And then he fell in love. With mixed martial arts.
“I was one of those guys who was like, I can probably do this,” he laughs. “And I went to the gym and found out that it was a lot more than just throwing some blows and getting into a fight. But once I got hooked on it, which was the first day, I just kept going back and I put my mind to it and told myself I was going to get there. And it happened.”
Not without some growing pains in the CSW gym led by Erik Paulson. One of the sport’s premier coaches and strategists, Paulson is also as old school as they come, so he’s going to find out if someone is serious as soon as they step through the doors. May’s initiation? Former UFC heavyweight champion Josh Barnett.
“It’s a tough gym,” May said. “When I first walked in there and trained, I had no experience. And I got thrown in with him (Barnett) the first day. It was one of those things where you either man up and catch on and get it done, or he was going to chew you up and spit you out.
“But I wasn’t going to let anybody run me out of that gym,” he continues. “I went from watching these guys on TV to sparring with them with a five dollar boil and bite mouthpiece with some hand me down Everlast gloves. (Laughs) I know I had the toughness inside of me; it was just getting the skills and putting it all together. And Paulson will get that out of you and he’ll show you everything. He is a tough, old school type of guy, and he’s an encyclopedia. He’ll pave the way; it’s just whether or not you can walk the walk.”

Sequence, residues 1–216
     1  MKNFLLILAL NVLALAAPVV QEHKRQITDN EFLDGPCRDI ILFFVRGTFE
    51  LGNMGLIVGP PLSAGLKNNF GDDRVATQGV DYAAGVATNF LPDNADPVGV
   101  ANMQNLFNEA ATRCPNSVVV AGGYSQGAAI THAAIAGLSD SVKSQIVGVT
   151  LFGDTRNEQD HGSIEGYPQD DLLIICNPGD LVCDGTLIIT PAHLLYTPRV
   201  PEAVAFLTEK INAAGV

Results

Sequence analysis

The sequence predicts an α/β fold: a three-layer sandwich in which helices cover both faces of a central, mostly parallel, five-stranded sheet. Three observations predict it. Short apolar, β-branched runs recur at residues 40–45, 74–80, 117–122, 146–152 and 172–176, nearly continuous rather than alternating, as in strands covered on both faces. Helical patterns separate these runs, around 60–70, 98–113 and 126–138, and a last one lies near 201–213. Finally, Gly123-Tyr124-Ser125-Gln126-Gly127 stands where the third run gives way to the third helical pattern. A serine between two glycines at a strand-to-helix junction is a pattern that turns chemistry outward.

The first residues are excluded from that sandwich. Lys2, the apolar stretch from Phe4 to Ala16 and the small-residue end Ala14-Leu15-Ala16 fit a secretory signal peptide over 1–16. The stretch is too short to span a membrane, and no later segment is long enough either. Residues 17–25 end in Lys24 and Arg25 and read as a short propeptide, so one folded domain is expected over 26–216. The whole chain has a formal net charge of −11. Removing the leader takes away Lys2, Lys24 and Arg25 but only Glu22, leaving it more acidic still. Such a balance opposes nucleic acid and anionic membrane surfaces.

Seven fights later, May was 7-0 with six knockouts, and when you’re a 6-foot-8 heavyweight who knocks people out, you become popular pretty quickly. But May only had one place in mind.
“My goal initially was to get to the UFC,” he said. “And I turned down contracts from World Series of Fighting, we turned down multiple contracts from Bellator, and I stuck to that goal. I knew I was going to get there. I knew that being 6-foot-8 and versatile and strong, and knowing what I had to offer, there weren’t that many guys that had that complete package, as I like to say, so I knew that at some point in time, I had to get there. My number was going to get called sooner or later.”
It got called earlier this year, and though the result wasn’t what he was looking for, he’s got a second crack at it against Jordan, a former LSU football player, this weekend. So is this one for the basketball players on Saturday?
“I’ve heard nothing but good things about Shawn Jordan and I’ve got nothing but respect for him,” May said. “He paid his dues, he’s got a good record in the UFC and he’s fought a lot of tough guys, but I feel like this is my time, and this fight will show everybody that I belong. So if it’s going to be one for the basketball players, yeah, because I never liked the football players in college. I was always beefing with those clowns. (Laughs) Not taking anything away from Shawn Jordan, but I know I’ve got to take care of business, and if I do that, then things will go in my favor.”